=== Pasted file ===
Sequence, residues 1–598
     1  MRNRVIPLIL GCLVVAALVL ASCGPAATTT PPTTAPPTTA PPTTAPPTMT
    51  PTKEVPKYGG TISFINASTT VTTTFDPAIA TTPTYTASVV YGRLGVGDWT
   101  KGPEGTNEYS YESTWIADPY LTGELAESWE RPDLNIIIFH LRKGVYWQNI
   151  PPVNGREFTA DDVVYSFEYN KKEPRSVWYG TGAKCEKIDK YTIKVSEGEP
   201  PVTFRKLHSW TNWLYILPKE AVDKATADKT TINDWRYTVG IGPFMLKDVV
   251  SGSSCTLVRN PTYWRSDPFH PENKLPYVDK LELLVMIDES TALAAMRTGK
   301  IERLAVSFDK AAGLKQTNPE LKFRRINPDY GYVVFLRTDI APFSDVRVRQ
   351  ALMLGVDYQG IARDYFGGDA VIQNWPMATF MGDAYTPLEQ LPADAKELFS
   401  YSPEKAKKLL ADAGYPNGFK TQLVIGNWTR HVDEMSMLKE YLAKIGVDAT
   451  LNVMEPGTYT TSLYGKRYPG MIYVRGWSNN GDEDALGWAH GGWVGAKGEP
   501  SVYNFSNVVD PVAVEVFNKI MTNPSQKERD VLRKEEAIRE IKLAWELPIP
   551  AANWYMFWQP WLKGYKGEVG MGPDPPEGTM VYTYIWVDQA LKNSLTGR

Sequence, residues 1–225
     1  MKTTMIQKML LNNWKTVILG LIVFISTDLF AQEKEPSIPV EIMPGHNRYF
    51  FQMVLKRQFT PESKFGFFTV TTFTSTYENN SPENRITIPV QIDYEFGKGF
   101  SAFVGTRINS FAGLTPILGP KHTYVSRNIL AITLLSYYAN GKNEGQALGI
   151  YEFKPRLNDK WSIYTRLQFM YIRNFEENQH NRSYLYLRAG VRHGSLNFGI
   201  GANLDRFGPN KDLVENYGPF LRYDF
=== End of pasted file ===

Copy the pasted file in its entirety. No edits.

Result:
Sequence, residues 1–598
     1  MRNRVIPLIL GCLVVAALVL ASCGPAATTT PPTTAPPTTA PPTTAPPTMT
    51  PTKEVPKYGG TISFINASTT VTTTFDPAIA TTPTYTASVV YGRLGVGDWT
   101  KGPEGTNEYS YESTWIADPY LTGELAESWE RPDLNIIIFH LRKGVYWQNI
   151  PPVNGREFTA DDVVYSFEYN KKEPRSVWYG TGAKCEKIDK YTIKVSEGEP
   201  PVTFRKLHSW TNWLYILPKE AVDKATADKT TINDWRYTVG IGPFMLKDVV
   251  SGSSCTLVRN PTYWRSDPFH PENKLPYVDK LELLVMIDES TALAAMRTGK
   301  IERLAVSFDK AAGLKQTNPE LKFRRINPDY GYVVFLRTDI APFSDVRVRQ
   351  ALMLGVDYQG IARDYFGGDA VIQNWPMATF MGDAYTPLEQ LPADAKELFS
   401  YSPEKAKKLL ADAGYPNGFK TQLVIGNWTR HVDEMSMLKE YLAKIGVDAT
   451  LNVMEPGTYT TSLYGKRYPG MIYVRGWSNN GDEDALGWAH GGWVGAKGEP
   501  SVYNFSNVVD PVAVEVFNKI MTNPSQKERD VLRKEEAIRE IKLAWELPIP
   551  AANWYMFWQP WLKGYKGEVG MGPDPPEGTM VYTYIWVDQA LKNSLTGR

Sequence, residues 1–225
     1  MKTTMIQKML LNNWKTVILG LIVFISTDLF AQEKEPSIPV EIMPGHNRYF
    51  FQMVLKRQFT PESKFGFFTV TTFTSTYENN SPENRITIPV QIDYEFGKGF
   101  SAFVGTRINS FAGLTPILGP KHTYVSRNIL AITLLSYYAN GKNEGQALGI
   151  YEFKPRLNDK WSIYTRLQFM YIRNFEENQH NRSYLYLRAG VRHGSLNFGI
   201  GANLDRFGPN KDLVENYGPF LRYDF